Print Reading Factors: Student reads regular print comfortably and efficiently in most settings and circumstances. Reading rate accuracy is commensurate with student's expected grade level. Performance level is commensurate with overall ability. Student can use print easily for all academic, nonacademic, and vocational needs.

Handwriting Factors: Student has legible handwriting and can easily read own and others' notes at a comfortable distance, even after some time has elapsed.

Low Vision Technological Factors: Student reads regular print without low vision devices and comfortably uses pocket-size magnification for reading fine print, such as the telephone book, medicine labels, dictionary, and encyclopedia.

Which Students Should Learn Braille Complemented with Print?
Medical Factors: Student has diagnosis or prognosis of severe visual impairment, has a degenerative eye condition, or has severely restricted visual fields.

Physical Factors: Student holds book close to face, can read only large print, or regularly suffers from headaches, fatigue, or visual discomfort after reading. Student exhibits strong preference for tactual exploration and learning. Student can read using an electronic low vision aid, but only with effort; cannot read with hand-held magnifiers with any reasonable speed or comprehension. Student is unable to complete assigned school work in a timely manner consistently and independently.

Environmental factors: Glare and/or lighting variations make reading difficult or impossible in many settings.

Print Reading Factors: Student's print reading speed is far below that of other students of the same developmental level. Student consistently demonstrates inaccuracy when reading. Student has difficulty in reading a variety of print styles or print on colored background.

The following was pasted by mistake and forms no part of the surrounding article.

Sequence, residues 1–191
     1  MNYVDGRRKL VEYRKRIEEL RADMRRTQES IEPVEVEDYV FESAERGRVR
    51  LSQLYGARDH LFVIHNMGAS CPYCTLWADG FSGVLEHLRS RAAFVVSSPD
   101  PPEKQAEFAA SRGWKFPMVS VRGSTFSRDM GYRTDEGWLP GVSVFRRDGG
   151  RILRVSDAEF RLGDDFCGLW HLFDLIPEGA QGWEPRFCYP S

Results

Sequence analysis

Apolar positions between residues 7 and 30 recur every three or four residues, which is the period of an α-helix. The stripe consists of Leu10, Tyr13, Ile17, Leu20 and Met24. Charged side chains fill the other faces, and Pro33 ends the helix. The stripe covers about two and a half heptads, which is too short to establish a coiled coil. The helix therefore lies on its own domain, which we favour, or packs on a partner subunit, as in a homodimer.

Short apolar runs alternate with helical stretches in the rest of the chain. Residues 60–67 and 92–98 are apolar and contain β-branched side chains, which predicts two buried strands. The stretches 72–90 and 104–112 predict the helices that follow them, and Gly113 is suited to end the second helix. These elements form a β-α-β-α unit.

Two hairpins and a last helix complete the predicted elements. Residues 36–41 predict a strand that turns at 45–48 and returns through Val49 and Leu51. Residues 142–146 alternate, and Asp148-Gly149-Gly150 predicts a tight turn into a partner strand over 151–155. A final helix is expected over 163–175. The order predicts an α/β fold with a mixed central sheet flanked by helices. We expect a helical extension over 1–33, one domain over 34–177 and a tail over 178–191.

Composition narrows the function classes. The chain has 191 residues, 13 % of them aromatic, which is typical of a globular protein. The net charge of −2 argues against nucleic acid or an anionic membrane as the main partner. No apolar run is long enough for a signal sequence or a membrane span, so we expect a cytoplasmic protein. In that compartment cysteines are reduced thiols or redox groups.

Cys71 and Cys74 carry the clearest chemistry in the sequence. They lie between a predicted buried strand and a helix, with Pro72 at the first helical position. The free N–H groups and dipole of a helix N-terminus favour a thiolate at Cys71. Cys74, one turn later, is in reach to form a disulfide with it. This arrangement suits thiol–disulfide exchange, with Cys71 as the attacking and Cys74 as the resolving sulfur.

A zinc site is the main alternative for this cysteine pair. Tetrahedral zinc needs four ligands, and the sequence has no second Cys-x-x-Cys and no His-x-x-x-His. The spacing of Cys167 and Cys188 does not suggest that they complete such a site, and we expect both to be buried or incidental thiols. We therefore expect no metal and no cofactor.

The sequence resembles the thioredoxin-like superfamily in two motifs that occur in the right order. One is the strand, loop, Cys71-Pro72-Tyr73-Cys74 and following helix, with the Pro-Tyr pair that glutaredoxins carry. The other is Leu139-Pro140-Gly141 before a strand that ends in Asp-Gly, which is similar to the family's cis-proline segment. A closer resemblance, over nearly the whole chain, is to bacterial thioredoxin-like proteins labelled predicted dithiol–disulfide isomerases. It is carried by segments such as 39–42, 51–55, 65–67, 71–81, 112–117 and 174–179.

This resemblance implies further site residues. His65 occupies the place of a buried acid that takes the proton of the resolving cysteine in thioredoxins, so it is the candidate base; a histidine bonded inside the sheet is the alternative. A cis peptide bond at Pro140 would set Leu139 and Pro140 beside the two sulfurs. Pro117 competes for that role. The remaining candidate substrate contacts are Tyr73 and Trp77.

Handwriting Factors: Student can only read notes when written with a broad tip pen one to two inches high and may have difficulty accurately reading what was written or can only read notes using a CCTV or other non-portable device.

Which Students Should Learn Print Complemented with Braille?
Medical Factors: Student has a currently stable eye condition but is at risk of eventual deterioration, has a slowly progressive eye condition, has restricted visual field, or has fluctuating vision.

Physical Factors: Student's posture during reading results in back and neck strain or headaches. Student complains of watering eyes, blurring, or other visual discomfort after extensive reading or writing tasks. Student cannot complete assignments without relying on other individuals or technology for reading and/or note taking.

Environmental Factors: Glare and/or lighting variations make reading difficult or impossible in some settings.

Print Reading Factors: Student cannot read regular print easily and accurately for an appropriate length of time in order to complete tasks throughout the day. Student may read material in both regular and large print formats. Student reads primarily in large print format combined with optical or electronic low-vision devices. Student is unable to maintain a reading rate commensurate with grade level work demands. Student depends on extraordinarily large print for accessing practical information such as oral report notes, grocery lists, names and addresses, etc. In preschool observations should include how a student approaches learning, i.e., a visual versus tactual approach.

Handwriting Factors: Student has difficulty producing and reading own or others' handwriting.

Low Vision Technological Factors: Student may use CCTV or other non-portable devices for visual materials such as maps and diagrams.